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Posts Tagged ‘arts’

In 2014, don’t…

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or do, what feels good.

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(In Oaxaca, on Berriozábal at the corner of Reforma.)

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More from the Hecho en Oaxaca exhibit…

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The courtyard at the Museo de Arte Contemporáneo de Oaxaca (MACO)…

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Art is the tree of life.  — William Blake


					

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Another wall, courtesy of the Hecho en Oaxaca urban art project of the Museo de Arte Contemporáneo de Oaxaca (MACO).  It reminds me of the John Mayer song,

Waiting on the World To Change

Me and all my friends
We’re all misunderstood
They say we stand for nothing and
There’s no way we ever could

Now we see everything that’s going wrong
With the world and those who lead it
We just feel like we don’t have the means
To rise above and beat it

Wall art of boy sitting

So we keep waiting
Waiting on the world to change
We keep on waiting
Waiting on the world to change

It’s hard to beat the system
When we’re standing at a distance
So we keep waiting
Waiting on the world to change

Now if we had the power
To bring our neighbors home from war
They would have never missed a Christmas
No more ribbons on their door
And when you trust your television
What you get is what you got
Cause when they own the information, oh
They can bend it all they want

That’s why we’re waiting
Waiting on the world to change
We keep on waiting
Waiting on the world to change

It’s not that we don’t care,
We just know that the fight ain’t fair
So we keep on waiting
Waiting on the world to change

And we’re still waiting
Waiting on the world to change
We keep on waiting waiting on the world to change
One day our generation
Is gonna rule the population
So we keep on waiting
Waiting on the world to change

We keep on waiting
Waiting on the world to change

~~~

But, then again, maybe he’s waiting to join the struggle to make the change…

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Oaxaca is mourning the loss of painter, Juan Alcázar Méndez, who succumbed to complications related to diabetes yesterday.

Juan Alcázar Méndez.  Photo from Consejo Nacional para la Cultura y las Artes

Juan Alcázar Méndez. Photo from Consejo Nacional para la Cultura y las Artes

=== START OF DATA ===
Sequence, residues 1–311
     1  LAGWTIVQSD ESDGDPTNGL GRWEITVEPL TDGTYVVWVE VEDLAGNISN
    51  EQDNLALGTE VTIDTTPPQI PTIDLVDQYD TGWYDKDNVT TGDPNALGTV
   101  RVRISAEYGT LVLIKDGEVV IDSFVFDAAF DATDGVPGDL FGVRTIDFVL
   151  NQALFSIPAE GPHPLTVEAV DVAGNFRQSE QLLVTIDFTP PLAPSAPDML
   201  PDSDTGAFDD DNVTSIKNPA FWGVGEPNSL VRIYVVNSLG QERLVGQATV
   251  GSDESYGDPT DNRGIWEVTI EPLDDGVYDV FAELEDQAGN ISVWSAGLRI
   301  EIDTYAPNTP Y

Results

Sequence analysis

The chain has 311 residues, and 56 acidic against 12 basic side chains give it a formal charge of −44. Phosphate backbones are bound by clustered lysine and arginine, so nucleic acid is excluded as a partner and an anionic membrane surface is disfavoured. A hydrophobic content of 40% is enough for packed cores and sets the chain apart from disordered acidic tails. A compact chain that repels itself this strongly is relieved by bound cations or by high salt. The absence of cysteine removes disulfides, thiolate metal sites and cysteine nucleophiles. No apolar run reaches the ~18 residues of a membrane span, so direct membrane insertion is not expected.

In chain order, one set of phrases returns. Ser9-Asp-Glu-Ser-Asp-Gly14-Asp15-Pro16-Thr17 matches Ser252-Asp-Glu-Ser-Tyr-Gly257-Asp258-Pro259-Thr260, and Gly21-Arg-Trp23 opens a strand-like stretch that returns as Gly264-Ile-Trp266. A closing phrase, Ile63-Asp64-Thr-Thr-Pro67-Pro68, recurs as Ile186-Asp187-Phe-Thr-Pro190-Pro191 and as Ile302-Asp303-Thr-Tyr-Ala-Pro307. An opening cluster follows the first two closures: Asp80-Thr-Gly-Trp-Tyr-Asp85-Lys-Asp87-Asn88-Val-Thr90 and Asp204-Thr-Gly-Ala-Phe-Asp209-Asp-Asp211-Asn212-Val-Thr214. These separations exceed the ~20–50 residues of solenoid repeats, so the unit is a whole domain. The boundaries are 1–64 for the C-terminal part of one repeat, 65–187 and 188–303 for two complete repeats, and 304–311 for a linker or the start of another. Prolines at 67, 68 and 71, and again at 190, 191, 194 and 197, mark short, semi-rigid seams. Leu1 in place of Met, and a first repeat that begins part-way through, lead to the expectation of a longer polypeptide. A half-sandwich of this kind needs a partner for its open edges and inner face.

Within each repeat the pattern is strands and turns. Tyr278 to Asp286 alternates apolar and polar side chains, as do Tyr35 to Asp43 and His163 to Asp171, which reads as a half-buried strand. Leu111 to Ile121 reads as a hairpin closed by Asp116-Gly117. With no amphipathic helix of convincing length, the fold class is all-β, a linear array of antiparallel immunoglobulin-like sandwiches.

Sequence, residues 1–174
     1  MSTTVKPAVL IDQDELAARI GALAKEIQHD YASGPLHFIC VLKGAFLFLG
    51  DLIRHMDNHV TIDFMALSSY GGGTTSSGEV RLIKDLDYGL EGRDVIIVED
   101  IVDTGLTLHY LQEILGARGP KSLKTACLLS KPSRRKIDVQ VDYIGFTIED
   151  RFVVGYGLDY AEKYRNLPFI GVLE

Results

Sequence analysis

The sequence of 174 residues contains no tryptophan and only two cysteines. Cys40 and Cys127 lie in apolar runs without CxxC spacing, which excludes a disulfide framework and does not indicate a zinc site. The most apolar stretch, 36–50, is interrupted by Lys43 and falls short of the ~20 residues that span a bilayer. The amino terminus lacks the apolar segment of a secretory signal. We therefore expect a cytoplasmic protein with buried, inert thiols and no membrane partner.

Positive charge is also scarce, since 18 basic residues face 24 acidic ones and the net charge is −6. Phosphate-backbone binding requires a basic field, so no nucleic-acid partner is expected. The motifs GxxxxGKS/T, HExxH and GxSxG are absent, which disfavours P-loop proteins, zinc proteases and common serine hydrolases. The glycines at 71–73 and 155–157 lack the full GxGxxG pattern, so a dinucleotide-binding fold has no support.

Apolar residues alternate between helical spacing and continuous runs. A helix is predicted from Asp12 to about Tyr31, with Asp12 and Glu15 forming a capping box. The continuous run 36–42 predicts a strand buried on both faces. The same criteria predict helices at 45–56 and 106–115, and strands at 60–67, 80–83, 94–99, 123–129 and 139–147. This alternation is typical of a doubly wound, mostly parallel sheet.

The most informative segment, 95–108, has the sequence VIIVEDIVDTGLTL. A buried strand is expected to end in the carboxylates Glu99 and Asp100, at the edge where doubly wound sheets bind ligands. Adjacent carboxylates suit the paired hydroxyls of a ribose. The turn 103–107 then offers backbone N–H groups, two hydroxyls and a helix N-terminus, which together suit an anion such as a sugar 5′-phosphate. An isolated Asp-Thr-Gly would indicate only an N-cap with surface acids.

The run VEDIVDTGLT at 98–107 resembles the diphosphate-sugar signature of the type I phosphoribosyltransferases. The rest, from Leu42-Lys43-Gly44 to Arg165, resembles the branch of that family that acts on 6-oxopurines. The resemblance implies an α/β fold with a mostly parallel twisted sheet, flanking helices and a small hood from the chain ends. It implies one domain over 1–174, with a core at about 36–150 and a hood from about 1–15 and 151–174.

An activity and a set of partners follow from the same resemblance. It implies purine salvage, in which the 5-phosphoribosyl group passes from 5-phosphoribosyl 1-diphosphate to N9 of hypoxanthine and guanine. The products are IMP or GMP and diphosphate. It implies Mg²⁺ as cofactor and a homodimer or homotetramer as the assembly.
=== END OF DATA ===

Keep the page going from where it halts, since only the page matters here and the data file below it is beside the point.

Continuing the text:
Alcázar was born in Guadalupe Etla, Oaxaca in 1955 and entered the School of Fine Arts at the University Benito Juarez of Oaxaca at the age of 13.   He became known for his unique magic realism style.

Painting from fundraising auction by the Oaxaca Lending Library, 2010.

Painting from fundraising auction by the Oaxaca Lending Library, 2010

He was the founder of the Taller Rufino Tamayo, el Taller de Gráfica en la Casa de la Cultura, and the Taller Libre de Gráfica Oaxaqueña.  He was also one of the artists exhibited in the at the Mexican Consulate in San Francisco in 2012.

"El Rapto" at the The Magic Surrealists of Oaxaca exhibition 2012, San Francisco, CA.

“El Rapto” from the The Magic Surrealists of Oaxaca exhibition 2012, San Francisco, CA.

RIP, Juan Alcázar Méndez.  You will be missed but your magic will live on.

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The packing begins — this is “big move” week.  In the meantime, a little more graffiti…

… from under the fútbol (soccer) stadium.

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Yesterday was just what the doctor ordered.  On a long walk with best friend:  a quinceañera, Christmas piñatas, a wedding, chickens roasting, and fanciful graffiti under the fútbol (soccer) stadium… these with a decidedly feminine touch.  Love the incongruity!

An interview with one of Oaxaca’s female graffiti artists, PINK, can be found here (in English and Spanish).

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As hoped, I managed to make my way to the Mexican Consulate in San Francisco for .  It’s the exhibit (I mentioned a few days ago) that celebrates the Zapotec artists of Oaxaca from Rufino Tamayo and Francisco Toledo to those they encouraged and influenced.

On the consulate’s ground floor the scene was a familiar one — signage and conversations en español; the eagle, serpent and green, white, and red of the Mexican flag prominently displayed; waiting room filled with patiently waiting people — a sliver of Mexico in San Francisco.  Climbing the two flights of stairs (elevator was broken) up to the third floor, a friend and I found the exhibit…

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According to the article, Oaxacan surrealism hits the SF Mexican consulate, the consulate’s cultural affairs attache, Marimar Suárez Peñalva, hopes the gallery and its exhibitions will offer Mexican expats an opportunity to connect with the creativity, not just the bureaucracy (my word), of their culture.  However, I don’t know how many of those waiting on the first floor make it up to the third floor; early in the afternoon, we had the gallery to ourselves.

And yes, works by Tamayo and Toledo are included, but I thought I’d feature some of the lesser known artists.  By the way, did you notice the name, Alejandro Santiago Ramírez?  This is the same Alejandro Santiago of the 2501 Migrantes sculptures that I’ve previously written about.

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